A reverse mortgage can offer several attractive features to the right borrower, but interested parties should heed caution in situations where there is a non-borrowing spouse, writes ConsumerAffairs in an article this week.
ConsumerAffairs, an advocacy organization that covers consumer news, recall information and thousands of consumer reviews, recapped the recent reverse mortgage non-borrowing spouse changes in its coverage of reverse mortgages.
Citing the case of a couple who took out the reverse mortgage prior to the changes in one spouse’s name only and later faced losing the home after the borrowing spouse passed away, the article writes, “The lesson here is, if a couple has purchased a home together, one spouse should never voluntarily remove their name from the deed, just so the other can qualify for a reverse mortgage.”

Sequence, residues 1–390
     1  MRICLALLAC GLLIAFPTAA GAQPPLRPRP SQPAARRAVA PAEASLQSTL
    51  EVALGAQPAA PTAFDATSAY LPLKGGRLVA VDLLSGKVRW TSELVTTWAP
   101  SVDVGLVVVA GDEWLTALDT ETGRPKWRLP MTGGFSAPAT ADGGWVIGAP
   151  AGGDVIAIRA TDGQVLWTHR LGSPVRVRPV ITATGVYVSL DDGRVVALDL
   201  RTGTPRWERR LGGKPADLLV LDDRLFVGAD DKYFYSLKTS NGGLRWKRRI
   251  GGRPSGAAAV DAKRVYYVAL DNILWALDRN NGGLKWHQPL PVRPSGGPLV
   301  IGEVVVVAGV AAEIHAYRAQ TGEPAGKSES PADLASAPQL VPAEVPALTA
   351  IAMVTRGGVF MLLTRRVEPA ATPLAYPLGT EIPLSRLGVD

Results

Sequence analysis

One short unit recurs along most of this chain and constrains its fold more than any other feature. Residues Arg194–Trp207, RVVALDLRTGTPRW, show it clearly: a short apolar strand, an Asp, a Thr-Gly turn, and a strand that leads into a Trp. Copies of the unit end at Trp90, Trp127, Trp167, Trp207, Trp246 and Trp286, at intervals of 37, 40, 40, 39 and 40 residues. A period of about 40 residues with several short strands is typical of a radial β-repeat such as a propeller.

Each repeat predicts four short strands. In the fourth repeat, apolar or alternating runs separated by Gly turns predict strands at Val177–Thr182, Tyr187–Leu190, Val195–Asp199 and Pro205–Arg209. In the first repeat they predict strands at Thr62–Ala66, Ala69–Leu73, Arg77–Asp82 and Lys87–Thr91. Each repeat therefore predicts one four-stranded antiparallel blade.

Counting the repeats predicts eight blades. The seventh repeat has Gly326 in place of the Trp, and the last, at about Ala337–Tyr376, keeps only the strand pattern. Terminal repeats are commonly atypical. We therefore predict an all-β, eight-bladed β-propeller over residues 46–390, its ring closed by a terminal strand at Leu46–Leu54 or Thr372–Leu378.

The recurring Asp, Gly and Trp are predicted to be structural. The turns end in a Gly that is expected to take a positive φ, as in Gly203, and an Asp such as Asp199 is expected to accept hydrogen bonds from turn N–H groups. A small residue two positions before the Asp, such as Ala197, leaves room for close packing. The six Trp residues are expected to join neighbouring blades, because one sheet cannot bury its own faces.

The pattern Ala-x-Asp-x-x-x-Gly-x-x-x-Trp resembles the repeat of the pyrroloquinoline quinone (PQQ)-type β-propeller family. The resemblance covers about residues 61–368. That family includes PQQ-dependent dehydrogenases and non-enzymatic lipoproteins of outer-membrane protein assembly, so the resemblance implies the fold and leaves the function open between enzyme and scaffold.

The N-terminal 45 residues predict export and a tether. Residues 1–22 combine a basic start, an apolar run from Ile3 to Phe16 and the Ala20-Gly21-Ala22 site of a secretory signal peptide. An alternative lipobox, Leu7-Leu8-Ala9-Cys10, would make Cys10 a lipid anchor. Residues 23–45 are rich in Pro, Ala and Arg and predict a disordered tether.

ConsumerAffairs suggests a home equity line of credit as a reverse mortgage alternative, but notes some shortcomings of HELOCs as well.
Ultimately, the article concludes: “A reverse mortgage may, in fact, be a good option for an older couple that wants to remain in their home until they die or are no longer able to do so….But it’s probably a bad idea for a couple in their early 60s. It most definitely is a high-risk option if one spouse is under age 62.”
Written by Elizabeth Ecker